When I was leaving ATTACK THE BLOCK I noticed the poster for SUPER 8 hanging outside the theater. I guess it’s pretty obvious, but until I saw that it hadn’t occurred to me that they’re two really different versions of a similar idea: a group of kids save their neighborhood from an alien invasion. In fact, writer/director Joe Cornish says, just like J.J. Abrams did, that he was mostly inspired by the Amblin movies of the ’80s and specifically E.T. (the extra-terrestrial).
That influence is all over the surface of SUPER 8, but ATTACK THE BLOCK has a completely different style. Even though it takes place in modern day London it really makes me think of late ’70s, early ’80s movies about young people in New York City – BEAT STREET, THE WARRIORS, the “Beat It” video. It also put me in mind a little bit of ASSAULT ON PRECINCT 13 over here on the west coast. The score by a gentleman named Basement Jaxx is a hell of alot closer to John Carpenter than John Williams.
SUPER 8 is about middle class, small town kids in the the ’80s, they deal with losing their mothers or not getting along with their fathers, they spend their days working together to make a monster movie. ATTACK THE BLOCK is about poorer kids in a housing project in modern South London, their parents mostly aren’t around if they have them, they spend their nights working together to rob people or work for drug dealers.
Okay, so technically that makes them bad kids, but they’re sympathetic. They do things you hate but you still like them, or you learn to. They’re funny little bastards. In the opening of the movie, when they see an alien, they chase it, kill it and carry the corpse around the neighborhood like it’s something they found and wanted to show everybody. A unicycle, or a box of Playboys. Later, when they’re inside and see more alien meteors crashing around the neighborhood they don’t get scared and hide, they get excited and rush outside to kill some more of them. First they have a mad scramble to their own apartments to get whatever weapons they can find: firecrackers, bats, swords. Not in a panic – it’s more like it started snowing and they’re rushing to get their snow gear so they can go have a snowball fight.
They kind of remind me of the kids in FRESH, actually. Remember Fresh had that friend that was so obsessed with the Punisher? If you were there you’d laugh at some of the things they say and also shake your head because they need to straighten out. But you’d still be laughing.
That’s another thing: I was a little skeptical because people had called this a “horror comedy” and compared it to SHAUN OF THE DEAD. Edgar Wright is executive producer, Cornish is his buddy, and SHAUN co-star Nick Frost is in the cast. SHAUN is a good movie, but this one is more my speed because in my opinion it’s not a comedy, it doesn’t have jokes. It’s a serious story, but the characters are funny, so there are parts where you laugh. But all the laughs come naturally out of the characters and the dramatic situations, they don’t just set up the scenes to get to the jokes.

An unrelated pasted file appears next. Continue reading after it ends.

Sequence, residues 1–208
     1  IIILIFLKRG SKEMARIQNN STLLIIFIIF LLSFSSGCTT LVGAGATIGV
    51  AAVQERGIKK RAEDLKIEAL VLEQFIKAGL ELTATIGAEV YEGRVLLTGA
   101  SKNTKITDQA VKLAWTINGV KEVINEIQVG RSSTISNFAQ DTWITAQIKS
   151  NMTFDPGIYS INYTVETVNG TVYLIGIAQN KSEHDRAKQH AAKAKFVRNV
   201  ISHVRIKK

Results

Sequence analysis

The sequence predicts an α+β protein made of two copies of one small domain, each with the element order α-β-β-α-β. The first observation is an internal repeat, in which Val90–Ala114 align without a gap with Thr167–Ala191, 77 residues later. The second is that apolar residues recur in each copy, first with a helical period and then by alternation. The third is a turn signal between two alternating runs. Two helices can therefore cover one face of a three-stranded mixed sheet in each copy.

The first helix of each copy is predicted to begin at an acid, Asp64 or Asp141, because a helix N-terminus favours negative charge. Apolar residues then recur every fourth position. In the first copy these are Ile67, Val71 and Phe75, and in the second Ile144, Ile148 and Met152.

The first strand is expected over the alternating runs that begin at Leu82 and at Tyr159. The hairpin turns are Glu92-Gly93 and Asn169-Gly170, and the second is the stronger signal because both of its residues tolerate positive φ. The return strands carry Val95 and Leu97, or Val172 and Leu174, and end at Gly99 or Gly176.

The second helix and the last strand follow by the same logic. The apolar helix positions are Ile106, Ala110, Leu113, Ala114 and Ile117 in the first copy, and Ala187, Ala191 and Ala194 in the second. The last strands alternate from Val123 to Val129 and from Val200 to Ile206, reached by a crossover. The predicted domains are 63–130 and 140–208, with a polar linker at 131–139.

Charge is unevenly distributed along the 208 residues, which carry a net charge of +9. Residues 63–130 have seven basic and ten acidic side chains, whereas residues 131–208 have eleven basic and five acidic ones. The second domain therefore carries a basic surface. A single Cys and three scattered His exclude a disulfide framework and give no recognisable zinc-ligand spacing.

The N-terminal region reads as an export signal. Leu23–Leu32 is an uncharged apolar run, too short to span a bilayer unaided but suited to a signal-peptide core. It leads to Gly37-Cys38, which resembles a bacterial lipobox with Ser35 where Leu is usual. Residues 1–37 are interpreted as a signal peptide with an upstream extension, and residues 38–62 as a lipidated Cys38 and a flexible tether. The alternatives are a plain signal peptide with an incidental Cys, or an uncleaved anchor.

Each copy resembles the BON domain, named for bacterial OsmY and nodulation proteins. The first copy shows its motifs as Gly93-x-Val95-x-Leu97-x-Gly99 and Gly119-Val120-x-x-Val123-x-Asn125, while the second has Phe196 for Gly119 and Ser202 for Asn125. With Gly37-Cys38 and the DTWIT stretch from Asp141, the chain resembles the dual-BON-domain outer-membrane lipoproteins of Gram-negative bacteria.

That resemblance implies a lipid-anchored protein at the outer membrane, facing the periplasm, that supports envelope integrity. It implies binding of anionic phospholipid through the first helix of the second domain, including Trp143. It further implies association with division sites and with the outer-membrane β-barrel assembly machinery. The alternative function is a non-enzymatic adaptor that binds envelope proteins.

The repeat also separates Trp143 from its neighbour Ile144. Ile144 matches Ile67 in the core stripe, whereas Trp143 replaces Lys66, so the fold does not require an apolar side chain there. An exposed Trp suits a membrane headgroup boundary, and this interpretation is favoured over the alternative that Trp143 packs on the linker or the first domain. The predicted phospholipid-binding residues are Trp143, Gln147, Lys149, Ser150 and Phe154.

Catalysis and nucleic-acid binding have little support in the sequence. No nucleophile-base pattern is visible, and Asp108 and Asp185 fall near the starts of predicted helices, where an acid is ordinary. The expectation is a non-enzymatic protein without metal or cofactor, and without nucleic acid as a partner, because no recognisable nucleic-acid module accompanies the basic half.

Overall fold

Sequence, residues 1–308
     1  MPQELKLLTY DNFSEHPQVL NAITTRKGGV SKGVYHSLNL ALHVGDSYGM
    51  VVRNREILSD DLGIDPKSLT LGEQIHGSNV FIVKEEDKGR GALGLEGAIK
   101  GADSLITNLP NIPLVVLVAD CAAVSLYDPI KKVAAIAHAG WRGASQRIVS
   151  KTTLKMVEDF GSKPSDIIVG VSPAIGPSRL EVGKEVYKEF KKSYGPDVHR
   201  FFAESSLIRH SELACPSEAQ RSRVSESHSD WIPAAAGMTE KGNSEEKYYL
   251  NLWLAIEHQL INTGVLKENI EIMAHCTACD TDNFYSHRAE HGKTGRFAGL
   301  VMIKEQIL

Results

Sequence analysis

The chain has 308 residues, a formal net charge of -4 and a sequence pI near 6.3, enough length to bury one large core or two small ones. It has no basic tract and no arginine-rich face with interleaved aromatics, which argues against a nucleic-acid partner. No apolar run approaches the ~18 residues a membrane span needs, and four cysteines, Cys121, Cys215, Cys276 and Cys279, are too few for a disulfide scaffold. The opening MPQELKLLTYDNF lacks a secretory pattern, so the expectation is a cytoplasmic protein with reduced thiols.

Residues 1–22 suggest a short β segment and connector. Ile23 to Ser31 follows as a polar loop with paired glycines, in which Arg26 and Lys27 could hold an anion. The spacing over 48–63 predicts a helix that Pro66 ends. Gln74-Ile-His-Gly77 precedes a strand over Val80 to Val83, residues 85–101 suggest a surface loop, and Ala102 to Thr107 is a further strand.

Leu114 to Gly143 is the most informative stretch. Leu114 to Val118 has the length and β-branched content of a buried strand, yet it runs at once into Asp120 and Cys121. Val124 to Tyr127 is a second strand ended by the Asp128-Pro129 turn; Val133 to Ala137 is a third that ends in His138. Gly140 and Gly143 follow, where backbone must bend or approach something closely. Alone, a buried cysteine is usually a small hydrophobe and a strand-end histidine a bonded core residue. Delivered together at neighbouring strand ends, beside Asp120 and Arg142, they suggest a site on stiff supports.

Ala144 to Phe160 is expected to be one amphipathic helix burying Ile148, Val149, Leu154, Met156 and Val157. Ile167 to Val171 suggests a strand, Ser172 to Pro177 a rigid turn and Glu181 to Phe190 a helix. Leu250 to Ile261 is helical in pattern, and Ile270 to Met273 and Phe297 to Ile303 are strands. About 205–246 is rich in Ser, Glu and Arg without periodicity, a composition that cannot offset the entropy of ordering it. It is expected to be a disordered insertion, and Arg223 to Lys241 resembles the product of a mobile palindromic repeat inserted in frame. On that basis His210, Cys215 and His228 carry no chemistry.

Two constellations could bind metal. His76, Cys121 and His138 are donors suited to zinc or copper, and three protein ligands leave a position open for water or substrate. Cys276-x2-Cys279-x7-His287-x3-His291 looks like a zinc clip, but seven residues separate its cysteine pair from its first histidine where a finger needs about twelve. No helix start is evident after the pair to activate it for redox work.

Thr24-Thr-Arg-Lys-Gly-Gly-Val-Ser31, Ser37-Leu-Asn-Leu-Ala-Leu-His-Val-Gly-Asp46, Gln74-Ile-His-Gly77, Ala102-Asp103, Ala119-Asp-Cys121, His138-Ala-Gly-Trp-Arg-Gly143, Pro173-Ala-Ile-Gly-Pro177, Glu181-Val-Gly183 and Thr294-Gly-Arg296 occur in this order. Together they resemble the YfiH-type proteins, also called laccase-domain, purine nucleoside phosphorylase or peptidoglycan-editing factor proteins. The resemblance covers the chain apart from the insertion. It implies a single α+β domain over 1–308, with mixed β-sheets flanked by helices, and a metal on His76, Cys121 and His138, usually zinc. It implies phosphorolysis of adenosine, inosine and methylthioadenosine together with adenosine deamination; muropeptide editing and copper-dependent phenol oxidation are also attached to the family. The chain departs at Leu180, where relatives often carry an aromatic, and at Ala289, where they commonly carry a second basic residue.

In the town in SUPER 8 they had the cops trying to help people, they had the military coming in and shutting the place down, trying to take control. In ATTACK it’s more of a Hurricane Katrina situation, they’re on their fuckin own. In fact they gotta worry about the cops coming after them as much as the aliens. And an angry drug dealer too.
Of course, the suburban kids get their story told with a relatively big budget of $50 million, slick visuals and special effects by ILM. ATTACK was done for about $13 million. It intelligently takes advantage of its limitations, confining the story and creating the most unique aliens we’ve seen in forever (furry silhouettes with glowing teeth).
There’s also a difference in the small town vs. projects approach to handling aliens. In SUPER 8 they ultimately decide to understand and relate to the alien even though it’s biting off heads. They realize their people fucked over the alien in the first place. In ATTACK THE BLOCK they sort of started it by accident too, and the guilty party takes responsibility for his actions, but that doesn’t stop our guys from killing the fuckers. (“Gorilla wolf motherfuckers” they call them a couple times. GWMs.) It’s a more brutal approach but more successful. In SUPER 8 I think the filmatists failed to sell the alien as a sympathetic character, here they go the easier route of just making them hungry monsters, so they succeed.
I don’t want to oversell it, it’s not gonna do your laundry for you or pack you a lunch, but I really liked this movie. It’s good, charismatic performances from fresh faces, it’s a unique combination of elements (“Inner City vs. Outer Space,” as the poster says), it’s got some good laughs, some tense moments, some well-staged action, some good atmosphere, good music, clever monster effects. It doesn’t feel like any of the other movies coming out these days – it has its own personality. It leaves some things refreshingly unresolved, not starting or ending in complete safety. I think it even has a little substance in the middle, if you like that sort of thing.